Generally, when a company wants to generate feedback from its customer base it will offer them a chance to win a prize in exchange for asking them to fill out a survey. Thankfully for Microsoft, /v/ users will gladly do it for free so there's no need for that. But is it ethical? I think companies who're conducting any kind of online questionnaire should be required by law to disclose their identities and intentions beforehand, giving consumers awareness and the freedom to opt out of uncompensated participation in market research if they so choose.
If it's ethical depends on your world view. Are you atheist then it is ethical or not depending on what you feel that day. If you are Christian it depends on what the Bible says and if it's a part of the Bible that applies anymore or not. Otherwise it's like atheists. If you are Muslim then everything is ethical and allowed if it is not forbidden in the Qur'an and hadith. If you are Buddhist it is unethical if it is motivated by anything other than selflessness so maybe yes because it's motivated by a thirst and desire for earthly knowledge. If you are Hindu it depends on your local tradition, if you are jain it depends if it causes any kind of harm to any creatures or not and so on.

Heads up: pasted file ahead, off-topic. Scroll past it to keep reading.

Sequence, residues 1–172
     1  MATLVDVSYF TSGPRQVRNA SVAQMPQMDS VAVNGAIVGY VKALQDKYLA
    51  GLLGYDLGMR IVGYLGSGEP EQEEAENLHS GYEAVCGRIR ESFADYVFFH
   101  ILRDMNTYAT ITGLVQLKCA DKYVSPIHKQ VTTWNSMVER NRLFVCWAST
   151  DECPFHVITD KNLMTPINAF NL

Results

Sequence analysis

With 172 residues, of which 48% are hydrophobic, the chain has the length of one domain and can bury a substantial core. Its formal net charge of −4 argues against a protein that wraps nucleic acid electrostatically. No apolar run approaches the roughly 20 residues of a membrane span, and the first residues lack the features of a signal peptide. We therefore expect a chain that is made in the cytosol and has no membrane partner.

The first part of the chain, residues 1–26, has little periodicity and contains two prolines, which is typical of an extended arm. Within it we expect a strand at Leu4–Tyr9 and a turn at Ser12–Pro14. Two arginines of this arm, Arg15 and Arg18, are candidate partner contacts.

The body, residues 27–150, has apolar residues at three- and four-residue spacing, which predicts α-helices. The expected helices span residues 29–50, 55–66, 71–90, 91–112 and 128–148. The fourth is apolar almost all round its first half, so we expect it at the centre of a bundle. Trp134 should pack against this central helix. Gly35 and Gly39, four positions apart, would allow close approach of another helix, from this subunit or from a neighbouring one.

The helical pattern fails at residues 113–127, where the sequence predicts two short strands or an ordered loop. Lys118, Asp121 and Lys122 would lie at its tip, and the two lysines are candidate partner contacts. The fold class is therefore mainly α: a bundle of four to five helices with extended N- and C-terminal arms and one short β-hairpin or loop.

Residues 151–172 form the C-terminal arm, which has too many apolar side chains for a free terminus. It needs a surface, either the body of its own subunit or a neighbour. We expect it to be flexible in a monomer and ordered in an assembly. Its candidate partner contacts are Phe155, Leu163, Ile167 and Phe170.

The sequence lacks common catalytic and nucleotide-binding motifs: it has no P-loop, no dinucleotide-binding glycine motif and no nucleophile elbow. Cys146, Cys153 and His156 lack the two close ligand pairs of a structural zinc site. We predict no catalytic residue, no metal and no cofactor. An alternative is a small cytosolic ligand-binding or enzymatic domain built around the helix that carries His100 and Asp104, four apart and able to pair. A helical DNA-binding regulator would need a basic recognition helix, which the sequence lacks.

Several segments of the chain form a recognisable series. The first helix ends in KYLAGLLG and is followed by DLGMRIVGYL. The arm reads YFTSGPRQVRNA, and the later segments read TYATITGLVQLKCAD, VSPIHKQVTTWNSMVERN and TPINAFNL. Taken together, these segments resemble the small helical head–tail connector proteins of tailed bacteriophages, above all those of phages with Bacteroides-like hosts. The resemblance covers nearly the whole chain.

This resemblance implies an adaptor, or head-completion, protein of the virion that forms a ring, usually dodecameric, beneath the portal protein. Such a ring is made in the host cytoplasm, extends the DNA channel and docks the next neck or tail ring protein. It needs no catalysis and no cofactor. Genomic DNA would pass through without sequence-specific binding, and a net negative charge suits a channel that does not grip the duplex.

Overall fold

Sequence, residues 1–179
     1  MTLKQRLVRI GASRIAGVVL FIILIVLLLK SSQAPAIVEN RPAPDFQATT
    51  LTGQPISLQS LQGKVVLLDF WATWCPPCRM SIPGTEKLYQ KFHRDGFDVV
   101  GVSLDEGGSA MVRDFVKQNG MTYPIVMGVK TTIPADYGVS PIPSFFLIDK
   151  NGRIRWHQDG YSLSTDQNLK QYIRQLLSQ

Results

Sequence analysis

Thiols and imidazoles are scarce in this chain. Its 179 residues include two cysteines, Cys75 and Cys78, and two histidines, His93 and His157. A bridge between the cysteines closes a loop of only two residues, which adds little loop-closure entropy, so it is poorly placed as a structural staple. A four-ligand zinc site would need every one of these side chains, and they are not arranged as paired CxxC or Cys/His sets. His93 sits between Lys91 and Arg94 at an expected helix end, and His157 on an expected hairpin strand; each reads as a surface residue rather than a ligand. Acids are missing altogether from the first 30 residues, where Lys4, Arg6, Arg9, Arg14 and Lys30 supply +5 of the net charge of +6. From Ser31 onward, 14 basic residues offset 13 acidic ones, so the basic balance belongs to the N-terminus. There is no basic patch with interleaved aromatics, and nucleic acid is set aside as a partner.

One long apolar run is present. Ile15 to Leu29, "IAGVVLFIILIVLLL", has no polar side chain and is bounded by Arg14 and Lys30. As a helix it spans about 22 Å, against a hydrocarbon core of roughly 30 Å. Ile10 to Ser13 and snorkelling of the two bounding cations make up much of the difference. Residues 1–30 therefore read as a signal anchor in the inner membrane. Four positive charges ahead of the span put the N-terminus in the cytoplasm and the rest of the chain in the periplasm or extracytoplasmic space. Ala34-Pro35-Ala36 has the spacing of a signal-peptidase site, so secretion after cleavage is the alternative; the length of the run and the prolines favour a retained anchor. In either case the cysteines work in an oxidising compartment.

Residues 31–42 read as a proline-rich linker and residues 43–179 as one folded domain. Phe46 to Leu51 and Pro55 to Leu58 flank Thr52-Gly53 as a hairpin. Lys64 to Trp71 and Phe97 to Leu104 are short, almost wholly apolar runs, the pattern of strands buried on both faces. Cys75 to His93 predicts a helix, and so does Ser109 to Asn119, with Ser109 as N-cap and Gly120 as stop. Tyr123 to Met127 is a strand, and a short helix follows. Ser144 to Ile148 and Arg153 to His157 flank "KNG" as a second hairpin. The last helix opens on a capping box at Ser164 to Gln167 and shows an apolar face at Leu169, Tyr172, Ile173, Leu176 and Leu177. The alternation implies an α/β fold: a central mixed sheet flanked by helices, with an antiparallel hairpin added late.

Nah. Corporations don't care if its ethical or not. They don't believe they will ever be caught. The whole idea of shills is that there's no way to prove a connection between the things they say or do and the companies they represent. That opens the door for some potentially disreputable business tactics which companies wouldn't want to be known for. And even if they did get caught, or exposed, laws and regulations regarding these types of activities are completely nonexistent. So, technically, they've done nothing wrong. The remote possibility of harming their public image is the biggest risk they have to take to reap the massive benefits of this new paradigm in marketing. So, no, question isn't about ethics from their perspective; it's about cost effectiveness and risks/rewards. I'm merely an observer. To me, what's going on here seems to be unethical. My question is what do you guys think?